Wednesday 2nd March, 2005


Boldon, Phillips touch a nerve

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Ato Boldon, right, and Michael Phillips sign autographs for students of Ste Madeleine Secondary last Friday. The two athletes were there to speak to students as part of the Making a Difference School Tour Guardian in Education Project.
Photo: Tony Howell

By Leah Mathura-Dookhoo

One had a baby on the way at 18, the other struggled to make it in a junior secondary school, with murmurs all around the extended family on his gloomy future.

It’s something which happens to many of us, but for retired Olympic medallist Ato Boldon and national cyclist and painter, Michael Phillips, it was adversity that caused them to make a U-turn and put them on the right track.

Their motivational talks at Ste Madeleine Secondary School last Friday were not planned this way. It was unease among the teenage students which spurred such detailed testimonies from Phillips and Boldon, unearthed by steupsing and an initial lack of enthusiasm from the student body.

The duo are part of the Making a Difference School Tour Guardian in Education Project, which has been taking them, along with Miss Universe 1998 Wendy Fitzwilliam, West Indies cricket captain Brian Lara and Olympic silver medallist George Bovell III, to schools throughout the country.

The five celebrities have been sharing their experiences in overcoming obstacles to achieve success with students, who will then be asked to submit essays on the discussion for a chance to win prizes.

Boldon revealed that he was still a child when he became a father at 18. Phillips said it was his cycling abilities which gave him the opportunity to attend his dream school, Queen’s Royal College, after writing the 14-plus exams at Mucurapo Junior Secondary.

Boldon, who had flown seven and a half hours from Los Angeles to T&T, seemed jet-lagged, but insisted he was there because he cared about the future of the country’s youths.

At the beginning of his motivational talk, he told them if they were not interested in what he had to say, or were “too cool for the proceedings,” they should leave.

With serious faces looking straight at him, Boldon talked about his pre-teen years and how devastated the divorce of his parents left him at ten.

Back then, he said, he made every excuse in the book over his behaviour and low grades at Fatima College, after leaving Newtown Boys’ RC.

He then pointed to a group of boys sitting in a slumped position as if they were not interested.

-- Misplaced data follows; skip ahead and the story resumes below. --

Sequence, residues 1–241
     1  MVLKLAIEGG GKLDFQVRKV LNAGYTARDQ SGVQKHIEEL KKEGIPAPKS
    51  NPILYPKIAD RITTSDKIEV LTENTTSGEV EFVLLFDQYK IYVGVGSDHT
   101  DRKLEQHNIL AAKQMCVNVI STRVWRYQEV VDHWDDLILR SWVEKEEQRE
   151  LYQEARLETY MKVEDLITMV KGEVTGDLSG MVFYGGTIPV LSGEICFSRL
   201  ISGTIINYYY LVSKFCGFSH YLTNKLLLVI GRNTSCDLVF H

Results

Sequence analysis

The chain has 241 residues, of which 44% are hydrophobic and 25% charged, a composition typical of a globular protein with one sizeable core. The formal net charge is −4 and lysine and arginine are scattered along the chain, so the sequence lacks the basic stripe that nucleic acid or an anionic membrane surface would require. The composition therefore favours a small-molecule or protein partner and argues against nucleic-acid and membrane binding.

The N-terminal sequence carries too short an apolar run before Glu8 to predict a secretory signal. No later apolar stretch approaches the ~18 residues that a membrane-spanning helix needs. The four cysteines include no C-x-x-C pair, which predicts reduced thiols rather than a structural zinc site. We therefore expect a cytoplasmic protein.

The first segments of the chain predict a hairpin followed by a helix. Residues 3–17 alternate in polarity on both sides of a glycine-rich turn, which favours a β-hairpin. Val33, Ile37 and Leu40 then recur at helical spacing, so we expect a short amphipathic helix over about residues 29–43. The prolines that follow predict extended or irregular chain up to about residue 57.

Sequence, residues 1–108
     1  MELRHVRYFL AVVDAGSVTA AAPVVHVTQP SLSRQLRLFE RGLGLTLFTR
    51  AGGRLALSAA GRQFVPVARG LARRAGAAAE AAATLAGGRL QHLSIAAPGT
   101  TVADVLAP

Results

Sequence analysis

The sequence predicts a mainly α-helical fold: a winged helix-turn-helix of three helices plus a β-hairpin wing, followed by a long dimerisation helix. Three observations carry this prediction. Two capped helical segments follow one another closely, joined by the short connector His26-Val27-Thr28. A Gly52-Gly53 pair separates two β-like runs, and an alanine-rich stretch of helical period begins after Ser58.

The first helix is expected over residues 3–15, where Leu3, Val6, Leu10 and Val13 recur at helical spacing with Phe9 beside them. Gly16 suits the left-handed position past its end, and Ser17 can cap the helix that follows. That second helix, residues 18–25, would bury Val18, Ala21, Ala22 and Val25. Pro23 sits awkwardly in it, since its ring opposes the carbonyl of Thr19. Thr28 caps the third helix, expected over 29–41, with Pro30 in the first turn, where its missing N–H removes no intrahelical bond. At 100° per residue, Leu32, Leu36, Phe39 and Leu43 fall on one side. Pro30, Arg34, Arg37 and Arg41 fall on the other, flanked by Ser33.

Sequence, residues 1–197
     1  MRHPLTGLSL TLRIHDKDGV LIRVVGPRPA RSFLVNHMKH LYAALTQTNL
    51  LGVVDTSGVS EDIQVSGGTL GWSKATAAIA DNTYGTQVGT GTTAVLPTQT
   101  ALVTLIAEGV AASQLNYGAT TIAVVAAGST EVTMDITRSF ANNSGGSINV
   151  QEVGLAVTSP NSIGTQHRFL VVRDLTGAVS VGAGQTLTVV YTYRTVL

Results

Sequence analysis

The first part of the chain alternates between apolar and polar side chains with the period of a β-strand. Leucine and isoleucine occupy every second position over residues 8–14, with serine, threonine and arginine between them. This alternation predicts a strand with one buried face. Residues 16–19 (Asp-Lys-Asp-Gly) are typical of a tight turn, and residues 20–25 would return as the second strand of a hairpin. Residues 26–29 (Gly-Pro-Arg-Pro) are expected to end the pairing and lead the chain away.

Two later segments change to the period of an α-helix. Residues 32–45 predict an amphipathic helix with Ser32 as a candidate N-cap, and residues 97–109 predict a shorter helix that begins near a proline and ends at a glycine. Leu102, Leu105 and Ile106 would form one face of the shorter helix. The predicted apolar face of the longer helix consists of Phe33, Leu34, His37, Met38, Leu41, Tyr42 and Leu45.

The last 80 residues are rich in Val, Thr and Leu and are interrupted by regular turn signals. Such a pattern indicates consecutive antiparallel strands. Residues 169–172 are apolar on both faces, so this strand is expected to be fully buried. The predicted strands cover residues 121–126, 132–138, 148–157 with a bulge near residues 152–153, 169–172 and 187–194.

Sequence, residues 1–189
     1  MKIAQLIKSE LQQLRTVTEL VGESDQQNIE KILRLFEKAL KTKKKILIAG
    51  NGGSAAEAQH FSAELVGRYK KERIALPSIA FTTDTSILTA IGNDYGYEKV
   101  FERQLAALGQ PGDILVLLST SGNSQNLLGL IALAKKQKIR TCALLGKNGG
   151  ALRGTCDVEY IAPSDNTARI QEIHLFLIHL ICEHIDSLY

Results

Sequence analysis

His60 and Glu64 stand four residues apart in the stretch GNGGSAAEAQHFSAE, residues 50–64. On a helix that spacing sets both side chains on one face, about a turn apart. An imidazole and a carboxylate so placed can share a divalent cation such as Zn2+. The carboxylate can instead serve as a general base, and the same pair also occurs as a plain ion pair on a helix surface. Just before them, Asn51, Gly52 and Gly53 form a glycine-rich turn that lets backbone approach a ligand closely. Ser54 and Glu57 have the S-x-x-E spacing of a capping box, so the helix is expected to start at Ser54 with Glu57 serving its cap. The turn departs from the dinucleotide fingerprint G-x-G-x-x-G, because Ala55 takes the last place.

“That group there was me...I understand fully,” he said.

“In other words, nothing that was going on was important enough for me to give it 30 per cent of my attention because I knew everything.

“I knew I was going to leave here some day, go by my family in the (United) States, get a job...I pretty much had it figured out.

“Most of you have it figured out...but you are totally wrong, ‘cause life never happens in a straight line.”

Boldon, who eventually went to live in the US, described himself as a resident alien, with no job and the frightening news that he had a daughter on the way.

“I thought that was the end of me,” he said.

But, he said it was adversity and the emotions of fatherhood that fuelled his yearning to become an Olympic star.

In 1992, the year his daughter was born, Boldon also won the World Junior Championships.

“Here is where you need to pay attention,” he said.

“Every time you are faced with adversity, that is when you have your greatest chance to not only prove those around you wrong, but to show yourself what you are made of.”

Both celebrities then warned students about getting caught up in the mega advertising campaign, which they said traded good values for sneakers, jewelry, clothes and cars.

Phillips, who is also a professional artist and Beacon Insurance’s corporate communications manager, said, “That does not make you a man.”

Phillips, who used painting as a source of income for funding himself in the cycling arena, based his talk on the choices young people had to make while building their dreams.

He said he was influenced by his mother, Louise Arjoon, and art teachers, and stunned students with some of his creations, adding that one of his paintings was sold for $22,000.

Looking at the faces of students in awe at the figure he had quoted, he said, “And who would have thought a child from a junior sec would go so far?”

Phillips also called on students in the packed hall to read between the lines of gimmickry and advertisements.

More than that, he said, it was up to individuals to choose friends who would assist them positively in their long-term goals.

Phillips advised students to know their worth.




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